Bush Camping along the San Juan River

During the summer of 2006, I was motorcycle camping with my girlfriend, now my wife. At one point, as evening was approaching, we were getting a little deperate for a campsite. Now, when I say campsite, I'm not talking KOA. I ride a dualsport for a reason; I don't consider camping a community event. My preference is for bush camping, being out there with no neighbors, unless you count the bears.

Well, as I said, it was getting dark and we were cruising the backroads from Mesachie (along Cowichan Lake) down to Port Renfrew when I spotted an access road off to the left, a wee bit after we crossed a bridge. This was a good sign. I followed this road, such as it was, for quite a ways, keeping an eye out for any potential trails towards the river. Sure enough, I hit one and then wheedled my way towards the water. Water always makes camping much more enjoyable.

After hitting the gravel banks of the San Juan, I cruised a little upstream until I found an elevated sandbar where I could set up camp. Sure, it was dry, but I'm not keen on pitching a tent 6 inches about the waterline. A few feet up the bank is much preferable.

Note that the trail in was dualsport territory - a 4x4 would not have made it. Not without cutting a new - wider - trail.

Being logging country, there was no shortage of firewood laying about and we managed to cook all our meals over an open fire. Now, that's camping :)

Anyway, the route in is HERE, in both Google Earth KML and OziExplorer PLT formats.

Note that this is BUSH (back country) wilderness camping. There are no services, no corner stores, no one coming around to sell you ice cream, no cell service, and no one to help you if you screw up. There are, however, bears, cougars, wolfs, and ferocious squirrels. My favorite definition of "wilderness" is "a place where, sometimes, the animals get to eat the people." Yes, this is meant to frighten you. Fear is a good thing; it keeps you within your limits. If you don't understand this, read my opinions on Wilderness Insurance here.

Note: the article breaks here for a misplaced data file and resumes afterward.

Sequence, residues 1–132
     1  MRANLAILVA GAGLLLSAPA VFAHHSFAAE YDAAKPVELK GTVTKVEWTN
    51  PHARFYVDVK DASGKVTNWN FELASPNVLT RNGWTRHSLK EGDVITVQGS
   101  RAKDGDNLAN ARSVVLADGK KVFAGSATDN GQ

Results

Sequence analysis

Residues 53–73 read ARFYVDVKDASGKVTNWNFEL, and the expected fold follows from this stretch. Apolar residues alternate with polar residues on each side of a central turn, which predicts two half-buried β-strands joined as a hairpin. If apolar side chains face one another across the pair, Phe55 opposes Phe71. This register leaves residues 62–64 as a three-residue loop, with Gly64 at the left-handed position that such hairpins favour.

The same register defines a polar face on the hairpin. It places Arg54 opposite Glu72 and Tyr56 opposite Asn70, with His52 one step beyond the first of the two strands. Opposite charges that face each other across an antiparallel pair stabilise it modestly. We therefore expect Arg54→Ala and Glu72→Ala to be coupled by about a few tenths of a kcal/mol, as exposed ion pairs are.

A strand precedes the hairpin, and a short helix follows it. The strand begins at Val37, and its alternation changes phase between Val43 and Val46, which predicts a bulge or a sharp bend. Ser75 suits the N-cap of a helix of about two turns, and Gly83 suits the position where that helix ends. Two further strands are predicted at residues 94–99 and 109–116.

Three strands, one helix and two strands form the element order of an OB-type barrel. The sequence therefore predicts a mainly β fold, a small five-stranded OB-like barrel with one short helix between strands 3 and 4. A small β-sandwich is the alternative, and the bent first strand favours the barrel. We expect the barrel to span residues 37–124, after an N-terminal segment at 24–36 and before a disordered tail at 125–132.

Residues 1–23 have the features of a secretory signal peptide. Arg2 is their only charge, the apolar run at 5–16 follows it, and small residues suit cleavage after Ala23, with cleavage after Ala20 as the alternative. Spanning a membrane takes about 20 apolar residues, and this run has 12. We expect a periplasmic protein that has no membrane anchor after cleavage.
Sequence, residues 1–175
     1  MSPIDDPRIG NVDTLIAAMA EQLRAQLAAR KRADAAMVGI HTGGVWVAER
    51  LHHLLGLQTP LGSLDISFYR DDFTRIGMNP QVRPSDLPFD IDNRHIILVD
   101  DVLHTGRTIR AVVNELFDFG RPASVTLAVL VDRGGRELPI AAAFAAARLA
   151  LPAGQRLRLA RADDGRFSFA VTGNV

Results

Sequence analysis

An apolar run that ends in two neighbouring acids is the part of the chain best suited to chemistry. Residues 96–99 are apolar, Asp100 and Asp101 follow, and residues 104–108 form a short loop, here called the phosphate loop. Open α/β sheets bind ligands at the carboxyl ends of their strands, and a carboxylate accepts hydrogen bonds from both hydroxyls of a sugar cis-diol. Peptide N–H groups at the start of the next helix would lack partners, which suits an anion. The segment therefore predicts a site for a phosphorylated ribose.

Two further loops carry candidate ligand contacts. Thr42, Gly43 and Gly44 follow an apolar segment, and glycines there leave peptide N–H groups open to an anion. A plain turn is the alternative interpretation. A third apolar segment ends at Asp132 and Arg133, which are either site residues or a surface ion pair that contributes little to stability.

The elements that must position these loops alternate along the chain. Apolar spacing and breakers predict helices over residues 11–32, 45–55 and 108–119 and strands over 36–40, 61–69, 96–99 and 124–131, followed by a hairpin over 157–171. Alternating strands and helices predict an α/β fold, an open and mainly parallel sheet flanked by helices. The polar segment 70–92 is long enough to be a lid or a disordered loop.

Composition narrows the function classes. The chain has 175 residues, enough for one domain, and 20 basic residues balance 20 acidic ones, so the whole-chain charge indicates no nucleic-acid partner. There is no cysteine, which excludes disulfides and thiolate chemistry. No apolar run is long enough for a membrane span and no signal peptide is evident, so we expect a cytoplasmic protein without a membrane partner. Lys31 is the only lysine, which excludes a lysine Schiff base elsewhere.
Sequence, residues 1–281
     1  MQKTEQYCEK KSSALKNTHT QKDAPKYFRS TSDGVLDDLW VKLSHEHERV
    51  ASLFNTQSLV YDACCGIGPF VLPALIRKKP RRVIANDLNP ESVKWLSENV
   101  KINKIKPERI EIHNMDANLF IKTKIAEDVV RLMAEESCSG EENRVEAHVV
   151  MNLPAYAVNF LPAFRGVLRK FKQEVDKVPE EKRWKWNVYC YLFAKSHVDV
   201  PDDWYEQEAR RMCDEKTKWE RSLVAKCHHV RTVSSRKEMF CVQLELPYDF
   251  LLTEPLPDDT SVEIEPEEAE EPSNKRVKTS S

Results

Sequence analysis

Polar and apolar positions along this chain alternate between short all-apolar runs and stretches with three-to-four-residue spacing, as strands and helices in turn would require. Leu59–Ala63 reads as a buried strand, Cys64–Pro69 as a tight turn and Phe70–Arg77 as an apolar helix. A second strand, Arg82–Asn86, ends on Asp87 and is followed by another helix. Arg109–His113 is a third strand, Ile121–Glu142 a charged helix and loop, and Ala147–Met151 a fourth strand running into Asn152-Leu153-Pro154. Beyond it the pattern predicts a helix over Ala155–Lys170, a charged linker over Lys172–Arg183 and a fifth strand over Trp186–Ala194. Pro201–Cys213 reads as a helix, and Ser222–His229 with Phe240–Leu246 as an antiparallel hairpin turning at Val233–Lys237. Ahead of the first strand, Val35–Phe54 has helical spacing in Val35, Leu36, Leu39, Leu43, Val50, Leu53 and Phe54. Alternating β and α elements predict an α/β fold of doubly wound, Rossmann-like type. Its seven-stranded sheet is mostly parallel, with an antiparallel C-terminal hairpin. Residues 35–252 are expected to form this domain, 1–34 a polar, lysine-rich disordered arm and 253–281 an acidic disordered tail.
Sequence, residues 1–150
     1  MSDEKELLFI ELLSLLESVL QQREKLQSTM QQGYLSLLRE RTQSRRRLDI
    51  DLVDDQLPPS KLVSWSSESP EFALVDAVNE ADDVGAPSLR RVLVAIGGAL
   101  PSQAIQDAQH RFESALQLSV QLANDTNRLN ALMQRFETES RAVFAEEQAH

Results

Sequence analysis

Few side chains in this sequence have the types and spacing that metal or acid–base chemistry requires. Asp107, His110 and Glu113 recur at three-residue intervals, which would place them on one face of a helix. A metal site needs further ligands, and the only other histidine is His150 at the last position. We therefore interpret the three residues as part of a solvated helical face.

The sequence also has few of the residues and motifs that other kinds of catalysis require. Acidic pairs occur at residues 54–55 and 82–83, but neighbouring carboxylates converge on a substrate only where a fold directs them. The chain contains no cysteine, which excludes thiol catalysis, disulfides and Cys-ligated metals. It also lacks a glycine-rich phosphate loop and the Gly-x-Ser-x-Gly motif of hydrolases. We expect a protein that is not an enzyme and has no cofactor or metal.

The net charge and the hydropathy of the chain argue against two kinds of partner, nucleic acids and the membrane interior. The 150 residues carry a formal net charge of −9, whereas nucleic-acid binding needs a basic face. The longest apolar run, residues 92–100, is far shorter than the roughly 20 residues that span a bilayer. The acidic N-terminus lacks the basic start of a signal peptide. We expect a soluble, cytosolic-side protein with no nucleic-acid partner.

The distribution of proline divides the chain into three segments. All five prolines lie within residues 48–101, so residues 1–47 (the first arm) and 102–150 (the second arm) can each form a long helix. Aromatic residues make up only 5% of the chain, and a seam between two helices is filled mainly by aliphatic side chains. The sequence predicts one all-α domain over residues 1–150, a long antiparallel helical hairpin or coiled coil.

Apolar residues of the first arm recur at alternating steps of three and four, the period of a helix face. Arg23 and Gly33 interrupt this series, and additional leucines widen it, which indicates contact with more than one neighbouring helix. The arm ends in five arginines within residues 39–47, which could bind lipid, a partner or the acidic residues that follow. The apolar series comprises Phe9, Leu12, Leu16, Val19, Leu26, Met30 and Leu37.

If you know what bush camping is all about, then enjoy. This isn't the best site I've ever camped at, but it's far enough off the beaten track to keep it clean and quite. Perfect for a dualsport.

Other routes are available HERE.


Powerline Tracks for Vancouver Island

Many great riding areas often start where major powerlines intersect rural or logging roads. Because of this, I traced out all of the major powerline routes on Vancouver Island. The source maps were the 50K government topos (available HERE).

Don't expect to ride the entire length of a powerline. Around these parts, they often use helecoptors to run the wire so, unless you've got wings, you'll be looking for ridable sections, which may or may not go all the way through to other roads. Also, around settled areas, powerline right of ways are often leased from farmers, so routes may dead-end on a gated field etc.. In other words, even if you find an entrance to a section of ridable powerlines, you may have to double-back the way you came.

This track is the full version, with over 900 points, so it is not suitable for downloading directly to GPS receivers - at least not mine. It's quite detailed actually. It took about an hour to trace out from the maps and includes multiple sections.

You can download the track in Google Earth (KML) or OziExplorer (PLT) formats HERE.

Similar items are listed HERE.


P.S. If you're interested in a reduced version that I made for my Garmin E-trek Legend, with a single section and less than 500 points, let me know. It sacrifices a little detail, with well over half the points removed, and includes some double-backs to keep the track in one section. However, it does work well in my GPS and is one of my "standard tracks" that I always keep loaded.